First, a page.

Atheistic presuppositionalism

Does internet atheism assume too much? Let’s plunge into the Deeper Waters and find out.

Do enough internet debates and you will soon come across what I call atheistic presuppositionalism. Now I am very much not a presuppositionalist, but if you disagree with my stance, I ask that you still consider the view I am making. In a presuppositionalist position, it is a starting grounds that without Christianity, the world comes to irrationality. Christianity becomes the starting point. I am contending here that with what I am writing about, it is assumed right at the start that atheism is the default and in fact the rational worldview.

Let’s consider a question like miracles for instance. The atheist presuppositionalist will say things like “We know today that resurrections don’t happen and virgins don’t give birth.” Never mind that it was known back then, but this constant we is trotted out. Even for claims other than these like “We know miracles don’t occur.” Who is this we? It certainly isn’t the majority of the population of Earth. It’s the atheist community and people that think like them. It’s just saying “People that think like us agree with us.” This should be no more convincing than saying “People who hold to Christianity with me agree that Jesus rose from the dead.”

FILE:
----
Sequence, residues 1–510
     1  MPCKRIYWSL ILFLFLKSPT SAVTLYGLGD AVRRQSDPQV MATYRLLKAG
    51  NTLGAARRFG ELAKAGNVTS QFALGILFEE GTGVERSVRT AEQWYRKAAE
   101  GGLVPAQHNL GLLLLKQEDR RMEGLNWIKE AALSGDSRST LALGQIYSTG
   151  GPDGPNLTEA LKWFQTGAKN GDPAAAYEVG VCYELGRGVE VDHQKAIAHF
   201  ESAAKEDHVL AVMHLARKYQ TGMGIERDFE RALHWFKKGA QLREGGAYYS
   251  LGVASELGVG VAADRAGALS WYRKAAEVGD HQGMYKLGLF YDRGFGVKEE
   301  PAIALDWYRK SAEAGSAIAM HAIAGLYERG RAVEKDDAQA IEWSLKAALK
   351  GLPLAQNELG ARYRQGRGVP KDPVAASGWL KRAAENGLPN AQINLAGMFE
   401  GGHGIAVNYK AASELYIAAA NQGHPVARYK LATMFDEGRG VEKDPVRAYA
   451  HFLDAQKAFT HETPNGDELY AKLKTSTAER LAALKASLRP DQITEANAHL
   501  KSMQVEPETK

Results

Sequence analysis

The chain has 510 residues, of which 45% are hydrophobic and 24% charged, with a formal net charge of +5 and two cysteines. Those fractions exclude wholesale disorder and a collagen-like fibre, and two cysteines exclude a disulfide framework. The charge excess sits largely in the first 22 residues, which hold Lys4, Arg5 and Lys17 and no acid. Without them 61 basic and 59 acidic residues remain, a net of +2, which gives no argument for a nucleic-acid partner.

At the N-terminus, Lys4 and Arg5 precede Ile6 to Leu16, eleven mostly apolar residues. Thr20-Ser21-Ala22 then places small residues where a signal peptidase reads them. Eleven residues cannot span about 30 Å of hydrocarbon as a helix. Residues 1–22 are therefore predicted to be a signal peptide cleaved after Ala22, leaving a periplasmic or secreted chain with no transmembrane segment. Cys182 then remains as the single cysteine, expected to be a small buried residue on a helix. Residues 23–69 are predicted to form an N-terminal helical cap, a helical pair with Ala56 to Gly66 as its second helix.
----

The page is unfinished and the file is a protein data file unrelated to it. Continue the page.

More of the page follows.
Of course, it could be that miracles have never happened, but if someone is going to say that miracles have never happened, they need to make an argument for it. Even if they want to trot out Hume’s failed argument, they should at least make an argument. Instead, it too often happens that the person claims miracles have never happened and then leave it on you to disprove their claim and if you cannot, then their claim stands. Well, let’s suppose I am an agnostic on this question and I hear it. I respond “That’s interesting. Can you back that claim?” “Try and find one miracle that is true.” My inability to do so in that case would not mean that the claim is right. It just means I don’t know of such a case.

This is also the case when we are told that atheism is the rational position. Well not necessarily. It could be a rational position, though some Christian apologists I know could argue otherwise, but it does not follow that because you are an atheist, you are a rational thinker. I know many atheists who are highly irrational. Consider for instance the Jesus mythicists. These are people who take a position that is not held by any Ph.D. or classical scholar in the field teaching at an accredited university and then say that this position is the obvious right one. If you are going to get after young-earth creationists for disagreeing with every biologist on evolution, you have no grounds for holding to Jesus mythicism. Yet so many atheists think they are among the intellectual elite for seeing the truth about the person of Jesus. Jesus mythicism is ultimately a conspiracy theory for atheists.